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Analysis of Structures of Protein Complexes Responsible for Equal Chromosome Segregation (Press Release)

Release Date
03 Feb, 2012
  • BL38B1 (Structural Biology III)
  • BL44XU (Macromolecular Assemblies)
-Providing insights into epigenetics of equal genome segregation-

Research Organization of Information and Systems,
National Institute of Genetics

Accurate cell division is essential for maintaining life. In cell division, DNA, which carries genomic information, is formed into a structure called the chromosome, which is then correctly replicated, doubled and equally segregated (Fig. 1). There is a specific region called the "centromere"*1 at the center of a chromosome. Approximately 100 types of protein are assembled in the centromere, where the genome is equally segregated. Although recent reports have suggested that the structure of the centromere of higher organisms is determined by a non-DNA-sequence-based mechanism (epigenetics*2), there are still questions about how so many proteins are assembled in the region that becomes the centromere. Tatsuya Nishino (Assistant Professor) and Tatsuo Fukagawa (Professor) and their colleagues at the Division of Molecular Genetics, National Institute of Genetics analyzed the crystal structure of the protein complexes bound to the centromere in a highly precise manner and found that this structure closely resembles that of histone,*3 which wraps DNA in place. These findings will provide new insights into the epigenetic control of the function of the centromere.

The findings of this study were published in the American scientific journal, Cell, on 3 February 2012.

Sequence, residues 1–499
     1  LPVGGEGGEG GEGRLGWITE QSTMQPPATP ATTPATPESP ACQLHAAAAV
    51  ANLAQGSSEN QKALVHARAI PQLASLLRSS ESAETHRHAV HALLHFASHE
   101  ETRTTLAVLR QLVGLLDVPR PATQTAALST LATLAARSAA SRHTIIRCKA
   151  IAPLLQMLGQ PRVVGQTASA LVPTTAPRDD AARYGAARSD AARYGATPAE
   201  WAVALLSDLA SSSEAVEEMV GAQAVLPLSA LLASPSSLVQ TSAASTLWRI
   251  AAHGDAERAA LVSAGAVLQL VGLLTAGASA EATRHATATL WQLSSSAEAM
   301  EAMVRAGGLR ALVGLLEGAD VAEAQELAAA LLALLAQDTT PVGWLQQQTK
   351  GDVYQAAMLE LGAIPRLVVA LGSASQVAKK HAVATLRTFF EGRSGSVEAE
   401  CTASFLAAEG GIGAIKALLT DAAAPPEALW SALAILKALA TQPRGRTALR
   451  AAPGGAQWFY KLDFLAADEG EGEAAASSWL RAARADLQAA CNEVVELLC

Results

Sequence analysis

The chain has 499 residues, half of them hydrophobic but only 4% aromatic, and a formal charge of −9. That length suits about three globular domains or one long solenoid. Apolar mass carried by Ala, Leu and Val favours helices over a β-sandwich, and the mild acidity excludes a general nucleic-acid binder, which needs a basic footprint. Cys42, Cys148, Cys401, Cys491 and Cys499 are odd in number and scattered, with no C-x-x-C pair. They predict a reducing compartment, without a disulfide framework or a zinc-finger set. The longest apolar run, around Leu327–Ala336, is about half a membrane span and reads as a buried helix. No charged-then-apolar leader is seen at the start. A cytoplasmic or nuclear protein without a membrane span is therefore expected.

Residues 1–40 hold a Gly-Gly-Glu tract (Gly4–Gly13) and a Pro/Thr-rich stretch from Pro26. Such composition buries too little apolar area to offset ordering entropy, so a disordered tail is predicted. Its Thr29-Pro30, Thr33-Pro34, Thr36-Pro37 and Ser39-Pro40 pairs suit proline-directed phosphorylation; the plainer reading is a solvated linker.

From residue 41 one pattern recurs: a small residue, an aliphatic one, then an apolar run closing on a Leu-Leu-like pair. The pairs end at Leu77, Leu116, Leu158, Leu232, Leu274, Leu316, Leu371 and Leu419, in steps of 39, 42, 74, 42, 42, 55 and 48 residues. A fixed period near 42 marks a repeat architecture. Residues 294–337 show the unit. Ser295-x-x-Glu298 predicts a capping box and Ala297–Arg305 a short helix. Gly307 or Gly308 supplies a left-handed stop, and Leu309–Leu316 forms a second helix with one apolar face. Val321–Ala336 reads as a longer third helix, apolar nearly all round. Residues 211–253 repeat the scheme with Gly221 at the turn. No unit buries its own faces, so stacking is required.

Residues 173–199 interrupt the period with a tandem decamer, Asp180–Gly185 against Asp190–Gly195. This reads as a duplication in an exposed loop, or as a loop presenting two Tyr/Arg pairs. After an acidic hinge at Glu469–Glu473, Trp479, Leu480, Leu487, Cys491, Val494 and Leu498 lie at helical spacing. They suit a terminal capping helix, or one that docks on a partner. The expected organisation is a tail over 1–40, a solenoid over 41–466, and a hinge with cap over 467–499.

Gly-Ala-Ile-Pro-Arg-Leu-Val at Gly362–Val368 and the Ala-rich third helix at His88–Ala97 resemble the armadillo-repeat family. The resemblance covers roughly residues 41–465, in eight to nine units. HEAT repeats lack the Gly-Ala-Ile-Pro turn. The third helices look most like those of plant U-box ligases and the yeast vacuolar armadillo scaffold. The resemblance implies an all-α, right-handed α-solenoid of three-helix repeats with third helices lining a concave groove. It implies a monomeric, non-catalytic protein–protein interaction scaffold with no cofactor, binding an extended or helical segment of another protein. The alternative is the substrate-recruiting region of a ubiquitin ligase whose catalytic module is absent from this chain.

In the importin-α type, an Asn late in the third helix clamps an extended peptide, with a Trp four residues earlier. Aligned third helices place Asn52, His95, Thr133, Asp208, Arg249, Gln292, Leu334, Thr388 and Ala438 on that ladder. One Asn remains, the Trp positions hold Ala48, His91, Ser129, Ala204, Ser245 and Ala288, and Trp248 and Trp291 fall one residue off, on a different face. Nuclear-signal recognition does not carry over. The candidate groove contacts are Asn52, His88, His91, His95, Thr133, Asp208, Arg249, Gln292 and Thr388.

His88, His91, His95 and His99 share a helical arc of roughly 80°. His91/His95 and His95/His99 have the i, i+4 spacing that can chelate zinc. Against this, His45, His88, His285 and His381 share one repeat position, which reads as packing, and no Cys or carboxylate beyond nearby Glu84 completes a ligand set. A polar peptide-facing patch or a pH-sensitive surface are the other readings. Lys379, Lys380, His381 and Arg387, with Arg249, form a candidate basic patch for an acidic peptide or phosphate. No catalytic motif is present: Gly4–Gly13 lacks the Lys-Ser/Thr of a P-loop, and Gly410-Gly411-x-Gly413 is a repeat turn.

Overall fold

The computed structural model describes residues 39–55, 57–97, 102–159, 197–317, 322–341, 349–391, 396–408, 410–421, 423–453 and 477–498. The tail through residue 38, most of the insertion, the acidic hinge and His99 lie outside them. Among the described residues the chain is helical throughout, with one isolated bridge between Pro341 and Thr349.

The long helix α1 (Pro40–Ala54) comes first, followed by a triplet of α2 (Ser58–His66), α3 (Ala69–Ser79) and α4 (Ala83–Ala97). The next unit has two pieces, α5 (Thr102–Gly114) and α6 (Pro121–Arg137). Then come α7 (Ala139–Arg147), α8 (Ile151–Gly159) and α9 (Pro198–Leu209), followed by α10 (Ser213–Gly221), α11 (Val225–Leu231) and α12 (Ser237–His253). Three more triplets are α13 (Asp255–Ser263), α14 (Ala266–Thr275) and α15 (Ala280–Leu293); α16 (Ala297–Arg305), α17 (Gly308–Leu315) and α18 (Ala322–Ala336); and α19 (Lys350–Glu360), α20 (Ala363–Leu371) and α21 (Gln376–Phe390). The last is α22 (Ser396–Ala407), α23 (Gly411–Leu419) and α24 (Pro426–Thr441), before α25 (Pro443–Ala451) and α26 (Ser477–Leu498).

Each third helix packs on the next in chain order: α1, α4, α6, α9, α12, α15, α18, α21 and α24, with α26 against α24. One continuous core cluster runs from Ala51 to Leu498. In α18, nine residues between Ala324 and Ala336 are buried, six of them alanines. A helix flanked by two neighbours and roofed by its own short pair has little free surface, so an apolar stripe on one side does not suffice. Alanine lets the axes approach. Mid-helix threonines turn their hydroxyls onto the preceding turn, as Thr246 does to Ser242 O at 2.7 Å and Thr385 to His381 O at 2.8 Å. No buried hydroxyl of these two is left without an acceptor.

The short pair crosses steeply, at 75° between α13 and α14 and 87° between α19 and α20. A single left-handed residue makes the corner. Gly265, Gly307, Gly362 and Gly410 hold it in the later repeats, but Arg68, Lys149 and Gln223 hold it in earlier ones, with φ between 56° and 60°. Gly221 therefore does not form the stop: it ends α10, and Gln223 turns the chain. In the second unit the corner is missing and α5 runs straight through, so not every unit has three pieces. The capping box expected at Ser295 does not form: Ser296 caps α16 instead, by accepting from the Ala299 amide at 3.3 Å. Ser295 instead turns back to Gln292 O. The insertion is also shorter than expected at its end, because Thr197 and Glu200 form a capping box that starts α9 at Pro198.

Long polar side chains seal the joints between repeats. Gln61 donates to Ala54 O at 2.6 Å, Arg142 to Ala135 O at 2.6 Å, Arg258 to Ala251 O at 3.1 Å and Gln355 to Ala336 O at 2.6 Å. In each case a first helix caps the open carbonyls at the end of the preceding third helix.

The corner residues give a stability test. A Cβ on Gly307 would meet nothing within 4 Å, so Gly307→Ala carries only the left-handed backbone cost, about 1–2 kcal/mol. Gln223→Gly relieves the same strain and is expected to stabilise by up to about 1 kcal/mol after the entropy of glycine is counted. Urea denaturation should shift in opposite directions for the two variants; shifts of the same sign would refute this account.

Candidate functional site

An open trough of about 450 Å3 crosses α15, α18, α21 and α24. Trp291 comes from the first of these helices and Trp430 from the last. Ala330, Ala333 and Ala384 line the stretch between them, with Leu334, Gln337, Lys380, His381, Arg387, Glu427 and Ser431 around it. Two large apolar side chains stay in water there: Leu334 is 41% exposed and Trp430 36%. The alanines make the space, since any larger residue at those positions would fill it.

"CENP-T-W-S-X forms a unique centromeric chromatin structure with a histone-like folds"
Tatsuya Nishino, Kozo Takeuchi, Karen E. Gascoigne, Aussie Suzuki, Tetsuya Hori,Takuji Oyama, Kosuke Morikawa, Iain M. Cheeseman, and Tatsuo Fukagawa
Cell, 148, Issue 3, 487-501, 3 February 2012

*1 Centromere

The centromere is a chromosomal region to which spindle fibers are bound during cell division. The kinetochore consisting of DNA and proteins that exist in the centromere plays an essential role in chromosome segregation.

*2 Epigenetics
Generally, genetic information is transmitted to offspring in the form of a primary DNA sequence. If there are any changes in the primary DNA sequence, the changed genetic information is transmitted to the offspring, and thus mutations caused by those changes will be observed. However, sometimes mutations occur although there are no changes in the primary DNA sequence. Because these phenomena are caused by acquired modifications of DNA and the proteins bound to DNA, the study of such phenomena is called epigenetics, in contrast to genetics. Recently, epigenetics has been attracting attention following the completion of the sequencing of the human genome, and the focus of research has shifted to the mechanisms of the regulation of phenotypic expression.

*3 Histone
Histone is a basic protein found in eukaryotic chromosomes. It has a role in the storage of DNA, a very long molecule, in the cell nucleus. DNA is bound to histone in the cell nucleus.


Fig.1 Cell division and chromosome behavior during cell division
Fig. 1 Cell division and chromosome behavior during cell division

Inaccurate cell division leads to a faulty segregation of chromosomes, resulting in cancerous changes in cells. In normal cell division, chromosomes are equally segregated by spindle fibers, which extend from both poles of the cell, holding and pulling the centromere (central part) of the chromosomes.


Fig. 2 The structures of CENP-S-X and CENP-T-W resemble that of histone. Together they constitute CENP-T-W-S-X. Similarly to an ordinary histone that is wrapped by DNA, CENP-T-W-S-X is also wrapped by DNA and forms a unique structure (DNA-CENP-T-W-S-X structure). This structure acts as the core of a normal centromere structure. When CENP-S-X is deactivated, this structure cannot properly bind to DNA, and, thus, a normal centromere cannot be formed.

For more information, please contact:
 Professor. Tatsuo Fukagawa

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